Monday, March 7, 2011

"Sun-Kissed Iris" (oil on linen; 10" x 8") sold


Lately I have been re-reading Mark Christopher Weber's Bold Strokes: Dynamic Brushwork for Oils and Acrylics, which had got me into water-mixible oils in the first place a couple of years ago.  I thought I could use a reminder from him that I should be more decisive and energetic in my brushstrokes instead of being timid and overworked.  I did a preparatory value drawing, got the board ready, and generally diddled.  Afraid to be bold and decisive.  You've been there.

Eventually--about two hours later--I started painting.  Calculating that it might turn out to be a total flop, I was using a linen piece with another drawing on it; I covered it up with a burnt sienna wash.  Thanks to Weber, I even used, for the background mixture, raw umber--a color so reminiscent of the product of a certain bodily function that I avoid like plague.  I didn't fiddle; I really tried to be economical in brushstrokes.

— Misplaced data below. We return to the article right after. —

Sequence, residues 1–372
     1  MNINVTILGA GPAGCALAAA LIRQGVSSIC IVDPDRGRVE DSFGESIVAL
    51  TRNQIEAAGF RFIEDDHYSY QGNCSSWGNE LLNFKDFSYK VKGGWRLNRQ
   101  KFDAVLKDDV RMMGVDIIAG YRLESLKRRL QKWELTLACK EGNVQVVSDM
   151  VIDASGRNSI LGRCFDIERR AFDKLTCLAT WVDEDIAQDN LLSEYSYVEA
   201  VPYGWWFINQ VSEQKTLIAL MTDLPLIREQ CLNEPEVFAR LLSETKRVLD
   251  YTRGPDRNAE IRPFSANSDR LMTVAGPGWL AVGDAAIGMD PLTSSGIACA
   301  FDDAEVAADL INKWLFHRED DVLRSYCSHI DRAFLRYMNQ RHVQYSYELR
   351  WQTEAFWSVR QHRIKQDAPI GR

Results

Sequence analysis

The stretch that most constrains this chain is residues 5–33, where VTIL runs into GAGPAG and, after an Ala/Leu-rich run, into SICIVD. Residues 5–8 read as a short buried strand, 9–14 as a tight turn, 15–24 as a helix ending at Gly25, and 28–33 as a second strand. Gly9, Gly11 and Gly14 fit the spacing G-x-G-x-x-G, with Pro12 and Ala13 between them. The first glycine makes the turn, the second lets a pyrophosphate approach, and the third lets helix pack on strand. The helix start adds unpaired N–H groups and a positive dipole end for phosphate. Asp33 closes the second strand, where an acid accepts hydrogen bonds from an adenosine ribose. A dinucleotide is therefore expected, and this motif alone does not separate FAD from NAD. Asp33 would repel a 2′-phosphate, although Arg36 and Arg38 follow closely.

Once I got going, it took an hour from the start to the finish!  Wow.  The painting glows.  Is it because of the burnt sienna wash (who would have thought it would work for a purple flower)?  Or is it the strong value contrast?  I even like the raw umber/ultramarine background color.  There is really something to trying new things, pushing oneself beyond a comfort zone.  I am also happy to be back to daily paintings.

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